Boring Bobby Verybiglongwords and 8 tips for better communication

Some business writers are desperate to demonstrate their intelligence. And their vast vocabulary.

You’ll know the type.

Let’s call them Bobby Verybiglongwords.

Bobby does indeed possess a ginormous vocabulary. And might be rather well read.

But that doesn’t mean anyone wants to read Bobby’s meanderings. Or listen to what Bobby has to say.

Bobby’s abstruse words, tortured sentences and tendency to over-complicate make comprehension….challenging.

You’ll know what I’m talking about if you’ve read many impact reports or annual reports.

Stuffed to the gills with jargon, some of them.

Readers probably understand it. But do they enjoy it, and actually read the report?

Not if it’s as convoluted as Spaghetti Junction.

Plenty of business authors suffer from clever-itis.

Many business leaders and social entrepreneurs do too.

Some deliberately over-complicate to assert “ownership” or even to exclude.

In your internal and external communication, in your marketing, in your sales letters, in your bids for contracts, in your pitches to journalists:

Are you concise, and to the point?

Is your meaning clear?

Are you using over-complicated language?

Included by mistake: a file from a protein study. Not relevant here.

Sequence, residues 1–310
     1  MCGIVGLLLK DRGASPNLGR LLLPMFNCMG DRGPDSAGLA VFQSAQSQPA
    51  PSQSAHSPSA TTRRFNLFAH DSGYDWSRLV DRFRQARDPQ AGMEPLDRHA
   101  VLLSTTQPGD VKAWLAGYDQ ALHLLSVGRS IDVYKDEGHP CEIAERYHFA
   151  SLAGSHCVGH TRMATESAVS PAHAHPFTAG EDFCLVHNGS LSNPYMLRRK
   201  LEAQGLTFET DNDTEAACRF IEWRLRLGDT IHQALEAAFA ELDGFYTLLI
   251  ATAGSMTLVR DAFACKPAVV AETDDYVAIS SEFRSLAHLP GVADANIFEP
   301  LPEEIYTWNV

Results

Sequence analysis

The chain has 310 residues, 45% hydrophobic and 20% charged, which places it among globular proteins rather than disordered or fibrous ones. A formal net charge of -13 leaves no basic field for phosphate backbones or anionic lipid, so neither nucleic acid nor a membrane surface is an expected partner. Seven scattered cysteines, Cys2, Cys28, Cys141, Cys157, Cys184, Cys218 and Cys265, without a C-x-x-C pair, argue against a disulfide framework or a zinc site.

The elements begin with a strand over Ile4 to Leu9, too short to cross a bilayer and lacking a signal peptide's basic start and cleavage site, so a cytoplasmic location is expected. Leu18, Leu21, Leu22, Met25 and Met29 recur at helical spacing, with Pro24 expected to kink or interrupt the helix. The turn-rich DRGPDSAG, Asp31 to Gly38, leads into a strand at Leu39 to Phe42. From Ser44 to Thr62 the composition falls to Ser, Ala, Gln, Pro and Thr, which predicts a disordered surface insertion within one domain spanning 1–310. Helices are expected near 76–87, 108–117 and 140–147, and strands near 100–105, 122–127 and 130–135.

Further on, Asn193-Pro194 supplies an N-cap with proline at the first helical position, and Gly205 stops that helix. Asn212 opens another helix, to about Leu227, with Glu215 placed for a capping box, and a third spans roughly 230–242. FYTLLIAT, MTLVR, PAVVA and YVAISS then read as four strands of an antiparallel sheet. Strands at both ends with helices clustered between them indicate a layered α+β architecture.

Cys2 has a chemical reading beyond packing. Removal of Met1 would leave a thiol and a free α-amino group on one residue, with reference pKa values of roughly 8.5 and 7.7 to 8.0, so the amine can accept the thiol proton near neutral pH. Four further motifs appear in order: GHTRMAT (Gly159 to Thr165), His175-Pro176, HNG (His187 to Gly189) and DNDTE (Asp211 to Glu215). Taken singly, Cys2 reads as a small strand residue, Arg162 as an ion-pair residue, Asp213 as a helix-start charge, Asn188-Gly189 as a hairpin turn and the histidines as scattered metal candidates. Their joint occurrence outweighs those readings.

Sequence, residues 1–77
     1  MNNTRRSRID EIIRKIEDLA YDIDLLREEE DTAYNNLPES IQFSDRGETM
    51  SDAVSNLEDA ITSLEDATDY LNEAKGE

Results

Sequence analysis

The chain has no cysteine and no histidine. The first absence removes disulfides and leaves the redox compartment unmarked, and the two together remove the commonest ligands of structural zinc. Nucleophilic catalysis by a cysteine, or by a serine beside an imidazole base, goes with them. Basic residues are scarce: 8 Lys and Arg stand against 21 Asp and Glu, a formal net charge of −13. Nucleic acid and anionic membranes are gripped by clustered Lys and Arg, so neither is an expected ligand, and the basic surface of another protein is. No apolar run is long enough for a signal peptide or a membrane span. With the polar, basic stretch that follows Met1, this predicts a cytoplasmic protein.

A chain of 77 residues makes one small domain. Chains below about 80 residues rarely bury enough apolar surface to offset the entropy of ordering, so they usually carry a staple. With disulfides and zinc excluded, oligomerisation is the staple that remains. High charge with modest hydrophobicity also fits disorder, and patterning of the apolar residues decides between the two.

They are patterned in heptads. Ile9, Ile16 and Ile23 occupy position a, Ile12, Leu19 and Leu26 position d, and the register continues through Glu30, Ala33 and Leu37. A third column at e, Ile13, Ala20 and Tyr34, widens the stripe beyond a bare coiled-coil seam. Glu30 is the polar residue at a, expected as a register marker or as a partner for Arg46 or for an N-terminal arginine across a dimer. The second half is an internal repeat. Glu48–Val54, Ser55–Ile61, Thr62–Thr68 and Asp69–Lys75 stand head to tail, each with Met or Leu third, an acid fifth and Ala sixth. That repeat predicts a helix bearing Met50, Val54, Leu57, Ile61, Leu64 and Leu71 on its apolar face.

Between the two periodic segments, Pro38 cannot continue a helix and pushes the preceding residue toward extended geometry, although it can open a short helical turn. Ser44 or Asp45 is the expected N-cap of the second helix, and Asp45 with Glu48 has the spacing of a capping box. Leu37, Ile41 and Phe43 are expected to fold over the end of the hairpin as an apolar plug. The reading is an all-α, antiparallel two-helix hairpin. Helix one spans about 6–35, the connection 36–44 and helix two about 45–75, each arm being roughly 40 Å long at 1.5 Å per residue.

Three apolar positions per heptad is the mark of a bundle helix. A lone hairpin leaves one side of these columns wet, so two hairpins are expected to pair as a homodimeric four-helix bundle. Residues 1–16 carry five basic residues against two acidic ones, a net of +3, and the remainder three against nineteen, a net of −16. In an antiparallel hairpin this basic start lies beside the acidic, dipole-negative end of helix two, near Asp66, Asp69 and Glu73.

I tend to think that folk who really understand their subject can explain it simply and clearly.

Richard Feynman, for example. He made it a joy to read about theoretical physics.

The business and social enterprise media I enjoy includes magazines, newspapers, books, podcasts and radio shows.

That’s probably true for you too.

I’ll read or listen in order to learn.

But there are millions more books, radio shows, podcasts or articles than you or I could possibly read or hear in our lifetime.

So I’ll choose to read something that engages and interests me.

And that doesn’t waste my time or effort.

This is no argument against a nuanced debate.

Nor against immersion in a great story.

Nor am I saying people don’t have long attention spans.

They do.

But don’t waste their time trying to show off.

In your business communication you’re not trying to impress. You’re trying to inform, educate, influence, persuade, or sell.

And if you’re putting together a communications strategy, writing an article, creating sales copy or coming up with other business communications:

1. Get the red pen out. Pare it down.
2. Don’t use a long word if a short one does the job.
3. Avoid the passive tense whenever you can.
4. Look up Orwell’s advice for writing clearly (he makes the above three points, with others).
5. Don’t be pompous.
6. Tell the truth. Avoid embellishments.
7. Remember the power of “storytelling plus spreadsheets.” Emotion plus evidence.

Oh, and 8. Consider asking a professional for help. Don’t know where to start? Contact me to book a 15 minute chat (no charge, no sales, no obligation) about your priorities.

What next?

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